Is Europe ready for the deepfake threat?
Increased understanding and specific measures are needed, but a framework is already in place. Deepfakes are not an isolated new element but are considered as part of the EU’s wider framework fighting against misinformation. New threats are always emerging, for example the use of audio messages in Belarus to mislead protesters or the creation of fake political news pages. The entire threat landscape, including the interplay between domestic and foreign actors, should be considered. With this, a better understanding is needed on what the EU can do and prepare for the deepfake threat more specifically.
Create protocols and communication channels for rapid reaction. Governments should create a response toolbox, which would be different depending on the situation. Such a toolbox would require a methodological approach and further drilling down into hypothetical scenarios. Governments need effective communication strategies to report on facts or to share assessments made by government institutions. If deepfakes flood platforms at scale, government institutions monitoring the issue will need to define thresholds for evaluation before they are overloaded (e.g. looking at all incidents of deepfakes or focusing on the most dangerous ones, for example those that could have direct security implications). This solution assumes that governments value truth and media is independent. As a result, the quality of democratic institutions, particularly amongst various EU member states, must be considered.
Raise the general level of resilience. The EU already has some structures and initiatives in place to promote media literacy and social cohesion. Further investment in such programmes is important to prevent a culture of disbelief by default where people no longer trust anything they see. In particular, not only school-age children but older internet users should be targeted by such programs. When it comes to video media, a more specific curriculum or set of tools may be needed for internet users to identify credible sources.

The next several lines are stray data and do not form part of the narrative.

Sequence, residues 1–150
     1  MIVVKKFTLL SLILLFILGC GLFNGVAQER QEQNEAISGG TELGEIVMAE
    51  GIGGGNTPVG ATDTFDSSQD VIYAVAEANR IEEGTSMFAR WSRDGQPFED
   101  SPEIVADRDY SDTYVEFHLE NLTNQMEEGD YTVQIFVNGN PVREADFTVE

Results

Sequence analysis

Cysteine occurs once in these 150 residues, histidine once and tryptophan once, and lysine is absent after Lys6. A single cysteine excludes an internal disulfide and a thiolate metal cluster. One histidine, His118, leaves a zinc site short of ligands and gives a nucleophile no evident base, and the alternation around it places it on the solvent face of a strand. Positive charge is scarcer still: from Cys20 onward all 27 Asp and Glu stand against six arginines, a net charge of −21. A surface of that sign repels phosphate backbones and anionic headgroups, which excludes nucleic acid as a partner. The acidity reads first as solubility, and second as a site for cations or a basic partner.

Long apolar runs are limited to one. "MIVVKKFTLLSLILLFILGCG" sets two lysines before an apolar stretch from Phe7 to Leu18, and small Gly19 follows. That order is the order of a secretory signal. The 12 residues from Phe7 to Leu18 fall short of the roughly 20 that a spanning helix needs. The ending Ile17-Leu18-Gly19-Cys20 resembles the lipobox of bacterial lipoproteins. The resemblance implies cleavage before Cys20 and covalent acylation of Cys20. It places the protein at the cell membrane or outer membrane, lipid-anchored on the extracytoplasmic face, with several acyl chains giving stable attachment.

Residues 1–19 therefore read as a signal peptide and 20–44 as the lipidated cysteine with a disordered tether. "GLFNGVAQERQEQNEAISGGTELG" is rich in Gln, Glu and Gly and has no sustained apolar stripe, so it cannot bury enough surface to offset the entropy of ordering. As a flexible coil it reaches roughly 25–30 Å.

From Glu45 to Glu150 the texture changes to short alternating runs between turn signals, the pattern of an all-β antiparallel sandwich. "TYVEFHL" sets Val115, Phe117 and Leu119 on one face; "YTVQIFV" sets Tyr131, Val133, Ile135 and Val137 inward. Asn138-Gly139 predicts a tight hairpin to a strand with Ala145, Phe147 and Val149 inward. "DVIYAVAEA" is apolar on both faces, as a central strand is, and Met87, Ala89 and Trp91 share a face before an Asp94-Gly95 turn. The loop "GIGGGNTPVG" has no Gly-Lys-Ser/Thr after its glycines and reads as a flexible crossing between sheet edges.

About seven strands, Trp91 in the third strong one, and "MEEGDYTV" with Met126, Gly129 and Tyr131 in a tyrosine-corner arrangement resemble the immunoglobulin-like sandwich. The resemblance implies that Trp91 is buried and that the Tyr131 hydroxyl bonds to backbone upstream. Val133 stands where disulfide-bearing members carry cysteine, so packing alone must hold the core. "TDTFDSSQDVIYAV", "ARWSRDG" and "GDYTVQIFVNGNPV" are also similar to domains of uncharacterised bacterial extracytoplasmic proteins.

Empower research and civil society cooperation. More research is needed to understand the problem of deepfakes and build technical solutions. The European Digital Media Observatory (EDMO) holds great potential to shed light on the use of manipulated media in Europe and build solutions. However, the institution is still new and will require financing and time to grow. Homegrown innovation should also be fostered within the private sector. Several startups like Netherlands-based Sensity are working on monitoring deepfakes and developing solutions within Europe.
In summary, it is quite clear that disinformation trends are changing quickly. Actors around the world can learn from each other to identify emerging trends. Ensuring conversations through various actors and stakeholders, such panels provide a valuable opportunity for a collaborative exchange of solutions.
We thank our panellists from TikTok, WITNESS, Partnership on AI, European External Action Service (EEAS) and Global Public Policy Institute (GPPI) for their contributions.